By Bob Duncan
Prime Minister David Cameron has undermined the new “better together” No campaign on the very day of its launch, by proposing lower benefits for Scots than those in other parts of the Union.
In a major lurch to the right, designed to pander to disgruntled Tory backbenchers, the Prime Minister outlined his plans for severe reform of the welfare system.
In a speech in Kent, Mr Cameron said he wanted to debate ideas for welfare reform before the Conservatives produced their manifesto for the next general election.
One of the proposals was that levels of benefits would change to reflect the general cost of living in different “regions” of the UK. This would lead to claimants in Scotland receiving less money than those in, for example, Southern or Eastern England. This proposal was dropped from the final text of his speech, but Downing Street insisted it was still among ideas to be discussed.
He also announced measures that could see council house tenants evicted unless they were deemed to be earning an acceptable wage, a measure which would have a much more widespread effect in Scotland than in other parts of the UK.
In addition, David Cameron’s proposals include scrapping housing benefit for the under 25s and removing or restricting some benefits to out-of-work families with large numbers of children.
The PM said he hoped the Lib Dems might agree with some of these ideas so they could be brought in before the next election, which is due in 2015.
"Regional" rates of benefits, which would see people in more affluent regions getting higher payments than in poorer regions, would be likely to prove controversial, particularly in Scotland.
No 10 stressed, an hour before Mr Cameron's speech, that no final decision had been taken but the PM wanted to look at whether "it makes sense if you set all benefits at the national level or whether there should be some local or regional element".
Under the present constitutional arrangement, the Westminster Government has complete control over welfare and benefits in all parts of the UK, leaving the Scottish Government unable to protect vulnerable people from the impact of the proposed changes. This is despite such measures having little popular support in Scotland.
The Prime Minister's intervention comes as an IPSOS Mori poll shows 67% of people want the Scottish Government to take control of welfare and benefits.
A separate YouGov poll for the SNP suggested only 20 per cent of people in Scotland believe it is better to be part of the UK when there is a Tory government in Westminster.
Cameron's speech was in stark contrast to the message put forward at the launch of the revamped Labour/Tory 'Better Together' No campaign.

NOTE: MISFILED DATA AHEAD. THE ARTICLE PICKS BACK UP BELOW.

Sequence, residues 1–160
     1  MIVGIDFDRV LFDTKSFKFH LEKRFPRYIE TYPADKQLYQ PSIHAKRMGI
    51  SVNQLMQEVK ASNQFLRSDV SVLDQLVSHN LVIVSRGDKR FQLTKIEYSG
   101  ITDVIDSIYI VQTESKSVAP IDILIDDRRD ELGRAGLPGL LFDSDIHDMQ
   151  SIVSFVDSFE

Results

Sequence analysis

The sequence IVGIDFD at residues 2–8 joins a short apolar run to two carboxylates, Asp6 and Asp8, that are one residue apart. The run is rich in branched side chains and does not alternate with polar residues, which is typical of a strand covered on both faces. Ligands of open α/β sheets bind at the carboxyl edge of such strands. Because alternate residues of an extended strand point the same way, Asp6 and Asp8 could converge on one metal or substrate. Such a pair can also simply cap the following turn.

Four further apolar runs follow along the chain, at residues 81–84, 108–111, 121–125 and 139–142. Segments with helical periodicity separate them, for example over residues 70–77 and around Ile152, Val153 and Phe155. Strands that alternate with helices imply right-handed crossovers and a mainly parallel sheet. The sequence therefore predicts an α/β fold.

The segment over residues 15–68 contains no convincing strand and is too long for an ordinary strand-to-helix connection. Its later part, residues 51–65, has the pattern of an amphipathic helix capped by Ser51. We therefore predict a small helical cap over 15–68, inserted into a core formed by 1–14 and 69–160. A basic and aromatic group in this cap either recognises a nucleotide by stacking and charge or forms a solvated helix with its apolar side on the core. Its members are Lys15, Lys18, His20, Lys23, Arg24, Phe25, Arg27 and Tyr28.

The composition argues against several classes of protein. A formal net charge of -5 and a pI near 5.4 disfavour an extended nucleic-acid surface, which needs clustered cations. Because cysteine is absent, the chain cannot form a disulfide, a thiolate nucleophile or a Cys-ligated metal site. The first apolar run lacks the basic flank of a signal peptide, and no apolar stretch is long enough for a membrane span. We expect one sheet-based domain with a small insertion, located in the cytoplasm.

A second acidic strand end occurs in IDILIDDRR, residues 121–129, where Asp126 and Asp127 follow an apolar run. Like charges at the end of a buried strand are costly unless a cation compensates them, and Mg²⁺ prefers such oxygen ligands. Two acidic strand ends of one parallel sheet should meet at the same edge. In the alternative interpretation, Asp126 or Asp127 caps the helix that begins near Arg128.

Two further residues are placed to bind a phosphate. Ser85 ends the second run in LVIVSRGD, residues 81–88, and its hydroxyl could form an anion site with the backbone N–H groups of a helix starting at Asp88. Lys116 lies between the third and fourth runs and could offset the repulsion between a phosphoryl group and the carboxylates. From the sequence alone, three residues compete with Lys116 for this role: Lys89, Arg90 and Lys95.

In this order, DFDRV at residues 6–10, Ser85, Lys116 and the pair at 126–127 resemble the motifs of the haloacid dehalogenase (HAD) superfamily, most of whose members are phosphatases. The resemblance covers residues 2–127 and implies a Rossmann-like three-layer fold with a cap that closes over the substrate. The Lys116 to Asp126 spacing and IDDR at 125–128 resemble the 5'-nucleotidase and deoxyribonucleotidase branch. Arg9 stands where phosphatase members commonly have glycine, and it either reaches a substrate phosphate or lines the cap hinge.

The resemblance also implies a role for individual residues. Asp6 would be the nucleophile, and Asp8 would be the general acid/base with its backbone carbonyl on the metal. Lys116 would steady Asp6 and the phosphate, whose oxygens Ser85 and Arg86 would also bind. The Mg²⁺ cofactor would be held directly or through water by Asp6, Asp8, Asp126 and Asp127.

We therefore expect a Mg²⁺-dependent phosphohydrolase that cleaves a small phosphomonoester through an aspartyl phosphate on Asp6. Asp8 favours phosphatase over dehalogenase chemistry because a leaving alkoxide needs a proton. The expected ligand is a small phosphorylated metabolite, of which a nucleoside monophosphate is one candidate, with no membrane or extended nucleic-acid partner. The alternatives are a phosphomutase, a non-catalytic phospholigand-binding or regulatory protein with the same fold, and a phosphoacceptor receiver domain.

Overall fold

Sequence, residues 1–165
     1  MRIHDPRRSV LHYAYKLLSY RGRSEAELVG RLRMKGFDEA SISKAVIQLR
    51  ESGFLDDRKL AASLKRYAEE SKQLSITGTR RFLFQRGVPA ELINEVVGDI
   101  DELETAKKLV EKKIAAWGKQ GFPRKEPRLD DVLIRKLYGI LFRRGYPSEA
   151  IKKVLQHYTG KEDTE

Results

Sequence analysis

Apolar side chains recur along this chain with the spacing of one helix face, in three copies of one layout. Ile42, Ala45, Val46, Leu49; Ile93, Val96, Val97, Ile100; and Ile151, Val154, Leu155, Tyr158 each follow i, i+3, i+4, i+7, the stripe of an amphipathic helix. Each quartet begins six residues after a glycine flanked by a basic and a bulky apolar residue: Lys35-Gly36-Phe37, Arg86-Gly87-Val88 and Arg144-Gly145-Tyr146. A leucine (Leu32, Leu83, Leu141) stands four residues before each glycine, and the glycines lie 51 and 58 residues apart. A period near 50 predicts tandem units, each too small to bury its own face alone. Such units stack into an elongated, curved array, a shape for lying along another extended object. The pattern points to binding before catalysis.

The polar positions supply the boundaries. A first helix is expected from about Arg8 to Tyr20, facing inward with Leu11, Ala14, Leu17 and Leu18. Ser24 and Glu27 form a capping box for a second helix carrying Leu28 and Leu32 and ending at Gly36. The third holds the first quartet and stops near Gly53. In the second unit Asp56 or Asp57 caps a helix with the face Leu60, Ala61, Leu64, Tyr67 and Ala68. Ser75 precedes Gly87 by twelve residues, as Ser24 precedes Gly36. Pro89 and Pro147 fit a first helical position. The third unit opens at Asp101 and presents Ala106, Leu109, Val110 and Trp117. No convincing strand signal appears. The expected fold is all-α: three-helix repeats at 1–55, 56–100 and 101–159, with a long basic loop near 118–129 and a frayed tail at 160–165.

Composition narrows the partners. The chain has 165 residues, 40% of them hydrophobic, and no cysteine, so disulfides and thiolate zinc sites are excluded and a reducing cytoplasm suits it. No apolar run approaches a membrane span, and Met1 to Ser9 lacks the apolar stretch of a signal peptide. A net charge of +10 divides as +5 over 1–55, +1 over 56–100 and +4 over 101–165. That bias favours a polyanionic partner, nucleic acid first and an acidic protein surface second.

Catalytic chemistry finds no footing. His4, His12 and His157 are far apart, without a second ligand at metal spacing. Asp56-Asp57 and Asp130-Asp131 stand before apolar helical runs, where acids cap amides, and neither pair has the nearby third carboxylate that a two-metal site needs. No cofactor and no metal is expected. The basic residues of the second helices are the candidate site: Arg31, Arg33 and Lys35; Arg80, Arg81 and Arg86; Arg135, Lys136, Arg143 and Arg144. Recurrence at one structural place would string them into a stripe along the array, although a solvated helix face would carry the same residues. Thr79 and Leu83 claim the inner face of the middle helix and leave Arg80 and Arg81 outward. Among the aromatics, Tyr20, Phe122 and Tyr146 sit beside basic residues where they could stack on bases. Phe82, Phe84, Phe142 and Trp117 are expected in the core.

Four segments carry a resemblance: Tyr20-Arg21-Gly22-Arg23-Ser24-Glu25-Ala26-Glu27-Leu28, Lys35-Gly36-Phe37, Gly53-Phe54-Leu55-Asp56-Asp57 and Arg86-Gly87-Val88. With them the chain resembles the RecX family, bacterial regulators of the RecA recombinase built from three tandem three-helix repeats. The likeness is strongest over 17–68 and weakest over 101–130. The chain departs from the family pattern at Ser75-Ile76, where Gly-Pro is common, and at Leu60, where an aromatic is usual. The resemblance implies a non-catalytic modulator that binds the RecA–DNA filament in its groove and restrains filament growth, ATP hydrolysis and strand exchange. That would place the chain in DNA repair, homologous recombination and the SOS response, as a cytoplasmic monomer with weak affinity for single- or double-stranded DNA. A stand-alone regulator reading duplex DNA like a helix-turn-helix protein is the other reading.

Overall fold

The campaign is headed by Labour Chancellor, Alasdair Darling, who was at pains to persuade voters that Scotland would be better under a Tory Government in London, than under Edinburgh control.
Speaking this morning to the BBC, Mr Darling said:
"We have influence now, being part of the United Kingdom. I don't want to throw that influence away.
"My argument is not that you couldn't go it alone as Scotland on its own, I'm not arguing that at all. I just think it is better for us to be together in the United Kingdom because we can achieve far more influence and have more clout."
However, the announcements of benefit cuts which are particularly disadvantageous to Scots, on the very day of the No campaign launch, would seem to suggest that this influence and clout is minimal at best. The differential application of VAT relief for emergency services on both sides of the border would seem to reinforce this view.
The launch event for the No campaign featured a number of “ordinary Scots” who gave set-piece interviews to ex Scottish Tory leader, Annabel Goldie.
Responding to Mr Cameron's speech, SNP Work and Pensions spokesperson Dr Eilidh Whiteford said:
“David Cameron’s proposals cement the Tories position as the nasty party of UK politics, and yet today the Labour Party tell us they think it is best for Scotland for the Tories to be in charge of our welfare state.
"Thousands of Scots who now face the uncertainty of UK welfare cuts will be wondering what on earth Labour are doing entering an alliance with the Tories. The big question is whether we will now see regional rates for the state pension, with 1 million Scottish pensioners losing out because we are part of the UK. Can the No campaign guarantee that the Tories won't cut Scottish pensions?
“No wonder polls this weekend show 67% of people want the Scottish Government to take control of welfare and benefits – and not leave this crucial issue to London.
“It is incredible, and acutely embarrassing for Labour, that the prime minister has set out his welfare cuts on the day the anti-independence Labour-Tory pact was launched. Given these latest Tory plans, it is no surprise that only 20% of Scots think that we are better as part of the UK when there is a Tory government at Westminster."